The Los Angeles Times from Los Angeles, California on April 3, 1938 · 24
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The Los Angeles Times from Los Angeles, California · 24

Los Angeles, California
Issue Date:
Sunday, April 3, 1938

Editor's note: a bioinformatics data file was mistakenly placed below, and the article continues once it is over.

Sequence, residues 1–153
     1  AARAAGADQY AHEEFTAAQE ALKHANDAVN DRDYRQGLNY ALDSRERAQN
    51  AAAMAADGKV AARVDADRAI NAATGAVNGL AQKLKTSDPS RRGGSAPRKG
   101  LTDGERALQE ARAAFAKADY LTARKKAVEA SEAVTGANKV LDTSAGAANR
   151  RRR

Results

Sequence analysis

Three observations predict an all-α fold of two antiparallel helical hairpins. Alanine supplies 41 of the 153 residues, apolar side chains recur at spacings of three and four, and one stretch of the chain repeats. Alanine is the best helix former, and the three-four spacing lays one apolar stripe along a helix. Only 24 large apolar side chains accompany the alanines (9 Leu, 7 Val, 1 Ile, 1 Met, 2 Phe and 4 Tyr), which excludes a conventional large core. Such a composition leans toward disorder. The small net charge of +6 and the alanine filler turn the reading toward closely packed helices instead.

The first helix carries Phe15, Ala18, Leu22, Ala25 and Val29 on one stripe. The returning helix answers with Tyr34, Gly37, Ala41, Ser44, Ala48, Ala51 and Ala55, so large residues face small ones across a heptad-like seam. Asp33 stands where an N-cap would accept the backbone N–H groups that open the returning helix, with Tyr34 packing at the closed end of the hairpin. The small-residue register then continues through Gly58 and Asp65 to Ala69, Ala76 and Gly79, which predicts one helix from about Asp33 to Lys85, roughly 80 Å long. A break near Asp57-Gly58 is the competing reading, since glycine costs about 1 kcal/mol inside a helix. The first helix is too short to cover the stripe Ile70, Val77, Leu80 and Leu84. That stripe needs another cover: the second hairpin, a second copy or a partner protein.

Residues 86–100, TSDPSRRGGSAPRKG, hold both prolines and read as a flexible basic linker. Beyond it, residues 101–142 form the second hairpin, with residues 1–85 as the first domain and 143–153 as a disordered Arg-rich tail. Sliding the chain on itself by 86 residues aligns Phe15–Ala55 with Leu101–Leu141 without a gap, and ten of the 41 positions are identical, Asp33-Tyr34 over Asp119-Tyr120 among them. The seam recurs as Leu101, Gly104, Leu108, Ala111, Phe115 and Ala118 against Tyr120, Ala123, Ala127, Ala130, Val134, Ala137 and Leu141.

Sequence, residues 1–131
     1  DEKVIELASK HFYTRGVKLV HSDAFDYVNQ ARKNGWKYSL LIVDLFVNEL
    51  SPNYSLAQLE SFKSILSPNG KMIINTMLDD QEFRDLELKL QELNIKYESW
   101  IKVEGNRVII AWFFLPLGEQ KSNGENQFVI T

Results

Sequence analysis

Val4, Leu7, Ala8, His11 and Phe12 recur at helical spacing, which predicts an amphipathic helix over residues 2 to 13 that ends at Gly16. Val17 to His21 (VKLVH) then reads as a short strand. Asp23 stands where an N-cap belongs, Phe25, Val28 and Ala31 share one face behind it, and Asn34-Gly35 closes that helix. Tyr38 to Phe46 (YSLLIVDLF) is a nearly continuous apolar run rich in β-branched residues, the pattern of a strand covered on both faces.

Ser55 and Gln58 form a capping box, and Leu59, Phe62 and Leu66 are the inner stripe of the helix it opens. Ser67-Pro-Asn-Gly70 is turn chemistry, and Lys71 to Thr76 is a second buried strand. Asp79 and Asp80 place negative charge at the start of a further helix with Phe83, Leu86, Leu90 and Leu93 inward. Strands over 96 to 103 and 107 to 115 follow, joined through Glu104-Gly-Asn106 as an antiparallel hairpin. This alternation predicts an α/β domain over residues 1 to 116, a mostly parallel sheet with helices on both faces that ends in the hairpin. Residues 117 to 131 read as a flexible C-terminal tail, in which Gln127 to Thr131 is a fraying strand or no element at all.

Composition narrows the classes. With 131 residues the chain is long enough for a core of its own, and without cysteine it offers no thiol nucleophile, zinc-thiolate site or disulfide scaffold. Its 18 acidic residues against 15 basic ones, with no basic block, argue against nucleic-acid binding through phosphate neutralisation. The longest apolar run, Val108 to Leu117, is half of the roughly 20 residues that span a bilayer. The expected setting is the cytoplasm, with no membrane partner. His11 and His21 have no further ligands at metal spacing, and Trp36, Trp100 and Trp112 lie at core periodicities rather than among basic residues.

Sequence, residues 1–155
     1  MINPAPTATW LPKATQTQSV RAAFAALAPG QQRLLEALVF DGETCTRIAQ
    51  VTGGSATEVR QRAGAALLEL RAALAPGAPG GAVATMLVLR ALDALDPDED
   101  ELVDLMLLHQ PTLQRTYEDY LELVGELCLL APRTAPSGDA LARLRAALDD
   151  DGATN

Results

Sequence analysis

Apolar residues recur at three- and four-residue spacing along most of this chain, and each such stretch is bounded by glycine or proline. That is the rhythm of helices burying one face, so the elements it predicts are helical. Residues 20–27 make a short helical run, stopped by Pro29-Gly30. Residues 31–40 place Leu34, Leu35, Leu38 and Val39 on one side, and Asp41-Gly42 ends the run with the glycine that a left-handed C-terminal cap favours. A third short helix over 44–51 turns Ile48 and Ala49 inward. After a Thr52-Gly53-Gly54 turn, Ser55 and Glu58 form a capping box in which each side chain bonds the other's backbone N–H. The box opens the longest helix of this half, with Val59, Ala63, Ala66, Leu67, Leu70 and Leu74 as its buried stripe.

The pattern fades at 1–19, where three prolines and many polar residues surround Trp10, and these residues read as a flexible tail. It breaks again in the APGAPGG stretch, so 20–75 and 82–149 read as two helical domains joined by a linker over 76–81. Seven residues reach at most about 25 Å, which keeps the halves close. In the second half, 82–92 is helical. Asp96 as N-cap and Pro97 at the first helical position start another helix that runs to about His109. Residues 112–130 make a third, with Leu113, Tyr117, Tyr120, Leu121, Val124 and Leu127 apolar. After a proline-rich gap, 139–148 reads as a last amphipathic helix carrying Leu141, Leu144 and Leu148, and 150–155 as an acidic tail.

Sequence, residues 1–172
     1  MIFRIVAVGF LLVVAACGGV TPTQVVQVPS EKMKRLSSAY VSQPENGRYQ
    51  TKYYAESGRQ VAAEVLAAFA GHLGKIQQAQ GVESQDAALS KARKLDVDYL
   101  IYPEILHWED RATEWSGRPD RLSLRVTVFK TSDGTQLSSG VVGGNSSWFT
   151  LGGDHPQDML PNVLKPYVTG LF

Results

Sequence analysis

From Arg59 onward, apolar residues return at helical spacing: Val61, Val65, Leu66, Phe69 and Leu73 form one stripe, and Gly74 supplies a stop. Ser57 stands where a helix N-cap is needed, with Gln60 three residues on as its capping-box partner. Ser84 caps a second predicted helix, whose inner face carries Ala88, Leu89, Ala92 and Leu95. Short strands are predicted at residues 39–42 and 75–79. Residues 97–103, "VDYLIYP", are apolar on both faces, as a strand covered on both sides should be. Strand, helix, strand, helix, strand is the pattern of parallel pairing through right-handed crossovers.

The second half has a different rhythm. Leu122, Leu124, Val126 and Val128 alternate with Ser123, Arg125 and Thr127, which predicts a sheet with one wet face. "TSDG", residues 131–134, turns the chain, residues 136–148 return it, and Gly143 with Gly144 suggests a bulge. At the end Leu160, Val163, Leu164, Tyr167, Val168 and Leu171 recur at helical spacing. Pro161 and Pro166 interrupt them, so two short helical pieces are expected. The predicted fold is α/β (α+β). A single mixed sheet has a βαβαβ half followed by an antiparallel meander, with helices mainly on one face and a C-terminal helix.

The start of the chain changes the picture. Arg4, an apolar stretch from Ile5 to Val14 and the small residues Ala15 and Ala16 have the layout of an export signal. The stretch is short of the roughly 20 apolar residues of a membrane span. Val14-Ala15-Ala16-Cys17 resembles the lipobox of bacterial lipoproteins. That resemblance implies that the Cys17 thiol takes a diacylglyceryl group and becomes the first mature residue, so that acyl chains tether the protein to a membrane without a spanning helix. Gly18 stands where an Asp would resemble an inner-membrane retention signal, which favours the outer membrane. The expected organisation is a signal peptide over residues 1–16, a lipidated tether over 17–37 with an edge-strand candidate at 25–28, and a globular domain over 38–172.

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8 SUNDAY MORNING. "ATOIL 3, 1938. PART II. Old Murder Confessed Ruth Muir Slaying at La Jolla Two Years Ago May Pe Solved PRIZE LIVESTOCK PARADED AT JUNIOR REPUBLIC FIELD DAY Flowers-Out ai Ventura Variety of Blooms to Greet Motorists in County Today t Along El With i Ed Ainsworfh CHINA CITY (Los Angeles,) April 2. They even have a streamlined, draRon down here in this new-old Chinatown that is being built out of a woman's dream, some ancient blacksmith shops, bamboo, movie sets, crumbling adobes and some saucy little up-to-the-minute Chinese shops. The streamlined dragon didn't Etart out to be one. In fact, it was part of the mechanism of the flagpole on the old Times Building. Why it was made in that shape nobody knows, but it is a dead ringer for a fire-spitting dragon, emblem of China. It is made out of black iron and is about seven feet long, with a most terrifying expression. Mrs. Christine Sterling, creator of Olvera street and the driving force behind China City, got it from the Los Angeles Wrecking Company, wreckers of The Time3 Building, and is going to use it for a flagpole again, putting the flag of China in its mouth. RIGHT "FEEL" This Chinatown, being created here to form a center for the Chinese driven from their old homes by the building of the Union Station, is. an amazing combination of the new and the old. It would have delighted the soul of Harry Carr, for whom the main entrance gate on North Main street is named. There is nothing "synthetic" or "phony" about it. It wanders around in twisting corridors and up and down stairs (some of the paths hav-" ing nine turns to keep the devil out,) through little gardens' (at least they soon will be,) around ponds in which lotus blossoms will float and through little rock-paved courtyards, THE SIZE Anybody who has taken a glance at the little shops being built out in the open and thought they form China City is badly mistaken. Some of the most interesting parts are under roofs in the old buildings that have been re-etored by the workmen. A complete Chinese theater completely inclosed by bamboo some of it eight inches in diameter will be one of the features inside. REAL ARTISTRY The men who have planned, built, repaired, patched and dec-orated the oriental village have really put their hearts into the work. William Tuntke is the architect. Tom Kemp of Paramount Studios has been in charge of construction. Mrs. Sterling, who knows what it is to take a lot of dilapidated buildings and turn them into something picturesque, as she did with Olvera street, has been on the job constantly overcoming the many difficulties that arise to delay any sort of idealistic task like this. Now, though, the realization of the dream is near. ENTHUSIASM The Chinese themselves are r ithusiastic now that they have seen how practical Mrs. Sterling is. They are joining in with gusto. One group is putting up a fine cafe with all-Chinese capital. Others are moving into the ancient adobe and brick buildings up and down the street. A hand laundry and other typical Chinese enterprises have opened up, attracted by the magnet that this center of oriental atmosphere provides. That is where Mrs. Sterling is wise. China City is just the center, the nucleus. Rambling Chinatown will be encouraged to develop around it as it washes. XAUTICAL SETTING Johnson Sing and Luke Chan are building a setting like the inside of a big junk. They're even going to paint "Matson Line" on the crazy old tin chimney sticking up through the roof." ' ' The herb doctors are reserving space. One old fellow has volunteered to p 1 a y Chinese music. China City is turning into a reality fast. Seme of it may be open next month. I want to be there when they dedicate the Harry Carr Gate. .Harry would have liked the free and easy ' way the whole thing is coming along under lUrs. Sterling's direction. More power to the big black dragon on the flagpole ... I EL CENTRO, April 2. (?) Ucw hope for a solution to the two. year -old 6laying of Ruth Muir, former San Antonio (Tex.) woman, at La Jolla, came today from Sheriff Robert W. Ware of Imperial county, who wild he had in custody a man who confessed to the crime. The Sheriff added, however, that the man, Basil Coleman, appeared to be "mentally unbal anced" and that he confessed and denied the confession several times. ATTACK AIMITTKI Arrested by El Centro police yesterday in connection with an attack on Magdalena Sagyna, 10-year-old schoolgirl, the transient laborer was quoted as admitting to that crime and the attacks on two unidentified girls at San Diego. Sheriff Ware was not prepared to say what credence could be given the mans confessions, Coleman was turned over to two police officers from San Diego for further questioning. SLAVING STORY TOLD "The man is mentally unbal anced," said the Sheriff. "Evi dence indicates he is a degen erate. I asked him about the Ruth Muir case and he began to tell me about it, his state ment conforming to the facts in the case. He said he did not attack Miss Muir." Coleman's sordid story, Sher iff Ware said, was that he slew the Y.W.C.A. secretary that moonlight night in August, 1936, because the 48-ycar-old woman rejected his advances. He said he struck the woman with a heavy log he found washed up on the beach and then, in fear, hid her body. SEMES OP CRIMES Miss Muir's slaying was one of a series of similar crimes in San Diego county that have baffled police. She was visiting her elderly parents, Mr. and Mrs. Joseph Muir. She had gone out late at night for a walk along the beach front and had stopped to sit on a bench in the moonlight at a nlace overlooking the ocean called "Lovers Retreat". Several strands of hair clutched in he hand, her broken classes and a comb were the only clews found. AWARDS MADE FOR AMARYLLIS FAS ADEN A. April 2. A fea ture of the Southern California Snrinsr Flower Show in Pasa dena todav was announcement of William Herbert medal awards to amaryllis growers throughout the world, the winners including two exhibitors at the local show. Those announced as winners in a telegram from William Hay-ward, secretary of the American Amaryllis Society, mw in -Florida, were Jan De Graas of Sandy, Or., and Cecil Houdshel of La Verne, the loca: exhibitors, and Maj. Albert Pam. London, Eng.; Pierre S. Du Font. Wilmington, Del., and Ernst A. Krelage, Haarlem, Holland. The medals represent one of the highest honors given flower fanciers. This year's show at the Civic "Auditorium, w-hich closed today, is the first Pacific show in which the American Amaryllis Society, has participated. Pacific Art Group Elects New Officers LONG BEACH, April 2. (flV- Evelyn S. Mayer, associate pro fessor of art at San Francisco State College, was elected presi dent of the Pacific Arts Associa tion at the close of a three-day conference here today. The next convention will be held in San Francisco. Mrs. Ly-dia F. Sargent, art supervisor of San Francisco public schools, was named vice-president, and Frances Nugent, Los Angeles, secretary. Two Cripples Fight It Out Today for Golf Honors at Inglewood INGLEWOOD, April 2. A strange spectacle will be seen on the Potrero Golf and Country Club course tomorrow at 7 a.m., when two men, similarly crip pled, will compete for golfing honors. A few days ago Judge A. F. Monroe, recent winner of a golf tournament, was lunching in the clubhouse and chancing to gaze out the window, he saw another cripple plodding along on the green and hitting the ball with unerring aim and a powerful stroke. Like himself, the player. " - " ' ' I f ,) f .. for, , i k ---r . A " ' : , jfA Fred Bailey, left, and LaMar Hickenlooper are shown T'y I ; jf '-"A explaining workings of school press for Mary Janssen. I . ...7; .W? I W . OJI Kenneth Walker, left, examines calf, the charge of Kenneth Voorhess, center, and Irwin Cooper, at field day held yesterday by citizens of California Junior Republic. Admiral's Rites Set for Tuesday Head of Hospital -at Santa Barbara Dies Unexpectedly SANTA BARBARA, April 2. Military funeral services will be conducted in San Diego Tuesday for Rear-Admiral Norman Jerome Blackwood, retired, who died unexpectedly at Santa Barbara Cottage Hospital, of which he became superintendent three months ago. . .' The admiral had been ill for some weeks, but his condition was not considered dangerous until shortly before the end. HIGH TRIBUTE FAII) Harold Beard, president of the hospital board, today paid high tribute to the surgeon, explaining that he had come to Santa Barbara to retire after an unusually busy career, and had been prevailed upon to accept the hospital superintendency after a considerable need for his services was demonstrated. Admiral Blackwood was born in Philadelphia January 3, 1866, and entered on his Cottage Hospital duties on his seventy-second birthday. He was a student at Franklin and Marshall College when ap pointed to the Naval Academy in 1S83. Upon graduation, he went to Jefferson Medical College at Philadelphia. SERVED MANY HOSPITALS He served as commander of naval hospitals at Canacoa, Philippine Islands; Boston, New York City and at Bremerton on Puget Sound. He had during his career commanded the United States hospital ships Solace and Mercy. He was for a time director of the Provident Hospital in Chicago. Boy 2, Burns to Death in Trailer RIVERSIDE, April 2. (ZD-Donald Parkerson, 2 years of age, was burned to death today in a fire which destroyed the automobile trailer in1 which he lived near Desert Center. Arthur L. Parkerson was burned seriously trying to rescue his son. County Coroner White said the fire apparently was started by an oil stove. Outfall Sewer Repairs Started ANAHEIM, April 2.T-Workers under direction of W.P.A., have started repairing section two of the Orange county, joint outfall sewer. was on crutches and was left-handed. Judge Monroe, who presides over the Inglewood township iustice court and who in rhilH- hood was afFinfantile paralysis, victim, hastened out to meet the stranger, -whb gave his name as McGuire and said he is an en gineer at the Douglas Aircraft plant in Santa Monica. McGuire also said he was a childhood victim of infantile' paralysis. The latter invited him to break- fast at Potrero tomorrow and to his eighty-first birthday anniver-play a round of golf. Isary Monday. it e U '. ! 'I. I ; V . s ii:. ' H St, i 7 l' A:f'Vi' 7Vr ' - 7s7V ; Edwin Irving is shown exhibiting his prize lamb, part of livestock project, for the benefit of Margaret Pittman. Times photos FARM STUDENTS REVIEW . ACTIVITIES AT CHINO CHINO, April 2. Nearly 250 agriculture students, members of sixteen Southland high school chapters of the Future Farmers of America, were guests today of the 120 citizens of the California Junior Republic. The occasion was observance SILT REMOVAL AID UNAVAILABLE VAN NUYS, April 2. Learn ing that public funds cannot be expended for removal of silt from private homes and that there is no money available from Los Angeles county for adequate flood control, local residents to day prepared to bear the burden of expense following a mass meeting here. Flood sufferers were advised by city and county officials who appeared at the meeting sponsored by the Chmmber of Commerce that unless there is sufficient silt and debris on their property to form a health menace, that nothing can be done about its removal. A $33,000,000 project for flood control for Los Angeles county was outlined by representatives of the flood control engineering department but it was said the funds are not available. Complaint Issued in j link-Yard Slaying SANTA BARBARA, April 2. Dist.-Atty. Heckendorf today filed complaint charging John Lom-bardi, 29 years of age, with the murder of Elwpqd Crawford in a junk yard last Sunday night. Police report that during a quarrel Lombardi struck Crawford with a plank. Judge at Milestone SANTA . MONICA, April 2. Judge Fred H. Taft will celebrate of the Republic's annual open house and field day. The field- day program opened at 10 a.m. and was marked by judging contests in dairy cattle, beef cattle draft horses, hogs, lambs and poultry. Members of participating delegations brought picnic lunches and partook of t h e m at the grounds of the dairy barn, where Republic citizens served fresh milk. Following lunch, the judging contests were continued and late this afternoon there were inspec tion tours directed by young cit izens. These included visits to the ; kitchen and dining room, laundry, automobile - and wood- shop, gymnasium, athletic field, farm, dairy, hospital, print shop, government buildings and cot tage dormitories. Southern California high schools represented at the event included Hemet, Chino, El Monte Canoga Park, Perris, San Bernardino, Puente1, Newport Har bor, -Corona, Torrance, 1 Bonita Van Nuys, Chaffey, Excelsior, Valencia and Encimtas. Awards in the judging contests will be announced later. Bride, 85, Dies at Long Beach LONG BEACH, April 2.-Mrs Bessie McKillop St. John, 85 years of age, died here today, a Driae of thirty-three days. .She and Spencer St. John, 90 were the oldest Couple to be mar ried at Monterey. They were wed there last February 28. She lived 'at 1084 Minerva Court and was a member of the Immanuel Baptist Church,, Los Angeles Compton Postoffice Has Busy Quarter COMPTON, April 2. The larg est quarter in the history of the Compton postofRce, with the exception of the Christmas period, has just been completed. Postmaster Clark Wallace reports. Receipts since January 1 totaled $16,314.93. IMPERIAL IRRIGATION DEBT BEING" DISCUSSED WITH R.F.C. EL CENTRO, April 2 Propo sal for Imperial Valley Irrigation District debt refinancing is being discussed with Reconstruc tion Finance Corporation officials in Washington, Evan T. Hewes, district chairman, announced today. Hewes has returned from Washington, accompanied by School Oratory Winners Named REDLANDS, April 2. Win ners in the oratorical and declamation contests for high schools of Southern California, held at the University of Redlands, were announced today. Mary Ann Riddle, El Centro, won the humorous declamation contest, with Fred Jennings, San Diego, second. Jack Edwards, Hollywood, won the dramatic declamation contest. Alexis Smith, Hollywood, was second. Bill King, San Diego, received first place in the declamation con test, with Lawrence Miller, San Bernardino, second. Jean Ann Morton, Santa Monica, won the original oratory contest. Robert Hine, Beverly Hills, was second. Bill Kitchin, Fresno, won the extemporaneous speaking con test, with Irving Hillman, Beverly Hills, second. Upland Citrus Crop Half Harvested UPLAND, April 2. Harvest of the navel orange crop in this district today is at the halfway mark. Started late in December, pick ing and packing of a near-record crop ' will be continued at the present rate until about June 1. Thirteen citrus associations are working at near-capacity. Activities will continue up at this rate until all fruit is on the way to markets of the world. Total navel shipments since start of the season are 1550 carloads. In addition to this total there have been shipped from here 382 cars of lemons and twenty-one cars of Valencia oranges. . 1 Death Takes Pioneer Country Doctor LAGUNA BEACH, April 2 Dr. James P. Boyd, 84 years of age, former well-known country doctor of Orange county who settled in Santa Ana forty years ago died this morning at his home nere, 330 Park dvenue. He retired and moved to La guna Beach about a year ago. . Funeral services will be conducted at 2:30 p.m. Tuesday at the Episcopal Church of Messiah, Santa Ana. He leaves a sister, Miss Rosa Boyd of Lagu-na Beach. Aviation Editors Visit March Field MARCH FIELD, April 2. Twenty-one editors and reporters of aviation magazines and daily newspapers of New York, Chi cago and Los Angeles were welcomed by Brig.-Gen. Delos C. Emmons, commanding officer here, and made an inspection tour of this Army aviation base today. ANTIQUES WANTED Highest .prices paid in cash. . . Collections or single pieces. Write description first letter will call distinct no object. P.O. Box 528, Hollywood Robert Fullert6n, chairman of the district bondholders' committee. Fullerton and the district chairman discussed with Jesse Jones, head of the Reconstruc tion Finance Corporation, and the R.F.C. board of directors, a debt refunding program. The bond holders committee has agreed it would be willing to accept. Term of the proposed refunding plan would require bond holders to accept 75 cents on the dollar for 50 per cent of outstanding district bonds, with 50 per cent- of outstanding securities exchanged for par value bonds. Emil Schram, formerly chief of the drainage division of R.F.C. and now a director of the cor poration, told Hewes and Fuller- ton that money R.F.C. agreed to advance recently for a refunding loan to the district at 75 cents on the dollar still is available. If values justifying considera tion are established by the re vised report, he declared, the drainage department of R.F.C. would renew consideration of the loan application. Bondholders would be required to pledge at least 66 per cent of outstanding bonds, which would be turned in at 75 cents on the dollar, to make it possible to qualify for the loan, the director said. Consummation of this plan would result in approximate reduction of $14,000,000 in district debt service charges. Benefit Circus Today Planned for Church OXNARD, April 2. A charity circus will be given at Goebel's Lion Farm, Thousand Oaks, to morrow at 2 p.m. Proceeds will go toward the building of a com- munitv church. . . Body of Elderly Found Crushed PASADENA, April 2. Discov ery of the body of J. A. De-Young, 82 years of age, of 1442 North Fair Oaks avenue, who disappeared four days ago, was the solution to one of four missing persons cases on police records here. DeYoung"s body was found by Boy Scouts of Altadena in a canyon near Fair Oaks avenue. The man is believed to have climbed to the top of a sharp 100-foot ridge and apparently lost his balance and fell to the bottom. The body was taken to the Chamber Head Named WHITTIER, April 2. Orrin Gallup has been elected presi dent of the Whittier Chamber of Commerce. IVIIECi KIDNEY TROUBLE CAUSES YOU TO GET UP MIGHTS When Bladder is Irritated When Passage is Difficult When Backache Bothers Flush Poisonous Waste and Acid From Kidneys GAIN IN HEALTH' If you aren't feeling just right are nervous have dizzy spells and occasional backache tudy your kidneys and learn more about yourself. Through the delicate filters of the kidneys, acid and poisonous waste are drawn from the blood and discharged from the body thru the bladder sometimes these filters become clogged with poisonous waste and kidneys do not junction properly they need a good cleaning. VENTURA, April 2. Spring flowers and blossoms make their formal 1938 debut in Ventura county tomorrow. Thousands of motorists, pro vlded Jupiter Pluvius doesn't in. terfere, will crowd the highway for the year's first real display. Here is where to go for wild flowers in this county: OJal Valley Lupines and masses of Brodiaea near Matill-Ja Canyon, with yellow violets along many, roadsides. Santa Faula Fields of wild mustard along highways leading Into the city. Santa Paula Canyon Wild purple lilac on Ojai grade and a few scattered areas of California poppies, Brodiaea, lupine, dwarf yellow daisies in Steckel Park. Fillmore Slopes bordering the highway east of Fillmore blus with lupine and a large apricot orchard white with flowers. Almond, apricot and peach blossoms may be found in various sections of the county. Board Votes Six-Four-Four Education Plan . RIVERSIDE, April 2. (vP)-Offl. cial approval of the "six-fouf. four" public educational system in three Southern California cities was given by a unanimous vote of the State Board of Education here today. The action gave legal recognition to the four-year junior colleges in Pasadena, Compton and Ventura. The step was mandatory under a law passed by the last session of the State Legislature to simplify financing from school tax funds. Under the six-four-four plan the last two years of high school are combined with the two in junior college. The board voted to hold it next meeting at Sequoia National Park next July 1. Queen Race Opens for Pioneer Days EL MONTE, April 2. Nornl-nations for queen of El Monte's fourth annual Pioneer Days' celebration, May 21 and 22, now are open, according to Mrs. J. D. Cleminson, chairman of the queen contest committee; Local organizations have been asked to sponsor candidates. Nominations close April 20 and an election will be conducted April 29. The queen and her attendants will be honored at elaborate coronation ceremonies May 7. Observance Today MONTEBELLO, April 2 The thirtieth anniversary of the founding of the Friends work in Montebello will be observed tomorrow. Pasadena Man Beneath Ridge Turner & Stevens Mortuary. He leaves a son and daughter-in-law, Mr. and , Mrs. J. A. DeYoung, Jr., of Pasadena. IK1 DETECTIVES Con Help You FAMILY or BUSINESS TESTIMONY IN COl)RT MEN tr WOMEN Aatnti, Guordi, Weddings, Parties, Homes by day, week or - month. OPEN NIGHTS AND SUNDAYS -FREE CONSULTATION. Be sote, use NICK HARRIS DETECTIVES TR. 8643. 411 W. 7. Nights & Sundays. Cilir HIIitIi L.f Hiltrl ! Slllltl Clkili w , r Mtiicaa Bcia Betl-. ON SALE AT ALL OWL DRUG STORES One reliable medicine, highly efficient and inexpensive is GOLD MEDAL Haarlem Oil Capsules you can't go wrong on this grand medicine for it has been helping people for 30 years to correct their aches and pains and to banish uric acid conditions, the aggravation of sciatica, neuritis, neuralgia, lumbago and rheumatism. So if you have such symptoms of Kidney trouble as backache, nervousness, getting up two or three times during the night scanty, burning of smarting passage leg cramps moist palms or puffy eyes get a 35 cent pack--age of this grand and harmless diuretic at any modern drugstore it starts the first dav on its errand of helpfulness. But be sure it's GOLD MEDAL Haarlem Oil Capsules the original--the genuine right from ' Haarlem ii Holland. Advertisement. rue-',': II Crib Lift 1 r S.J SH